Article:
Okay, so maybe reading this book in one sitting, alone in my apartment, wasn’t such a smart idea. I’m a wimp and there was some pretty fucking powerful, heavy, HEAVY, I mean heavy like those magnets that make something tiny stick to the table and you can’t lift them no matter what you do, stuff in this novel.
You know how some of us are always looking for queer lit that doesn’t remind us of what it felt like to feel that false shame? This is not that book.
But what this book is, is a cinematic, well-constructed, multi-layered story that gives up the secrets of its tightly-wound reveal like a somber burlesque dancer slowly discarding veil after veil. By the end of the story there are no veils anymore (as the title suggests), and I promise that, while we see the worst of someone’s shame, we also see the beautifully-phrased realization of how wrong it was to be ashamed.
This is a book about black women and to a lesser extent black men; all the characters—members of a family who never dealt with the murder of one of the children seventeen years ago—are complete creations who each could have filled up an entire book of their own. And yet, it’s in their combination that the story thrives.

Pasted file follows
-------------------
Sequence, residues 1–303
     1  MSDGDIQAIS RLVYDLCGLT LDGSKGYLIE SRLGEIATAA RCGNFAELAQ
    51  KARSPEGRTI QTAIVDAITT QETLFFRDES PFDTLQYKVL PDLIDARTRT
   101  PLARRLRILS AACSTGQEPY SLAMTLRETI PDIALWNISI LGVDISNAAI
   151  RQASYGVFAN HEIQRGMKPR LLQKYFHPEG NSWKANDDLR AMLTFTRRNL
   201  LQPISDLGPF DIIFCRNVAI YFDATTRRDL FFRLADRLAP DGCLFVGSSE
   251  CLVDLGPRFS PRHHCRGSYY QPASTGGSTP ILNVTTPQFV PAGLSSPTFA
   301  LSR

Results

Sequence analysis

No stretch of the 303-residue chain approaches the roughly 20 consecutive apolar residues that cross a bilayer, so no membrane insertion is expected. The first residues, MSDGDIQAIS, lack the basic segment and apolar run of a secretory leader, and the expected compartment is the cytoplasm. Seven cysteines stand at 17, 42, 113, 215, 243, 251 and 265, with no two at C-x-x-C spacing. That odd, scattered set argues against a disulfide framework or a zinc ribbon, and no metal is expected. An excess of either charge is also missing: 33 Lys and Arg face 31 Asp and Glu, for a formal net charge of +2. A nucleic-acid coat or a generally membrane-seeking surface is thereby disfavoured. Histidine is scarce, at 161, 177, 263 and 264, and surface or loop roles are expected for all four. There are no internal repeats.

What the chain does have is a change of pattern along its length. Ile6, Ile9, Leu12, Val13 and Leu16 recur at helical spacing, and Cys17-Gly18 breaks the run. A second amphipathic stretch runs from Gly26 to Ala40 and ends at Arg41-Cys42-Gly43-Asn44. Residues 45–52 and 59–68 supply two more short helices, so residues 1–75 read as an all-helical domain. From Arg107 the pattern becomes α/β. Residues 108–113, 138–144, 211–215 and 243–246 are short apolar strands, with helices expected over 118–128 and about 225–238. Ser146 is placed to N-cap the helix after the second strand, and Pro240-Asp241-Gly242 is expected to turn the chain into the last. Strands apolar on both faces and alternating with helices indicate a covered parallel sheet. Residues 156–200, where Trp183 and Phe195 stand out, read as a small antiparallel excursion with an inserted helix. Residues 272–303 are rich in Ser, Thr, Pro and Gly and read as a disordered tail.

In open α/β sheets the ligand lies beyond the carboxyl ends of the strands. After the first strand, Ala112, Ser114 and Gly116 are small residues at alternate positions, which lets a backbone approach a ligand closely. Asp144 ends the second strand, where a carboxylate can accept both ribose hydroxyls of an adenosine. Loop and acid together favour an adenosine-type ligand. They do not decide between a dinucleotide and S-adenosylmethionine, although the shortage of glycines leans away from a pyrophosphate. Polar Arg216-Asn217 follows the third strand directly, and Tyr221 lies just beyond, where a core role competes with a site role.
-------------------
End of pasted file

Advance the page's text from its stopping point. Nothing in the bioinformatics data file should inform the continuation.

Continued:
This book comes with a passel of trigger warnings; they’re in my tags on this post because some of them are spoilers.
Another thing you do get, by the way, is main character lesbians who don’t die. Some of us won’t read a book without that reassurance, so, sorry if that’s a spoiler.
Choice bit of excellent phrasing: Yellow roses, fat and lush as bowls of paint. Their fallen petals like paintdrops on the tabletop. And one of the first scenes with real, charged chemistry between the two leading ladies reminded me of the “my candle has gone out” scene in La Boheme.
Most of all, read it for the fiercely independent protagonist as a child, in the book’s many flashbacks (it’s told in dual narratives, between the 50’s and the 70’s.) She was like Lisa Simpson, but angrier: talented, smart, and unafraid to speak truth in the face of myths and conformity.
The Summer We Got Free is written by Mia McKenzie of Black Girl Dangerous and won a Lammie last year.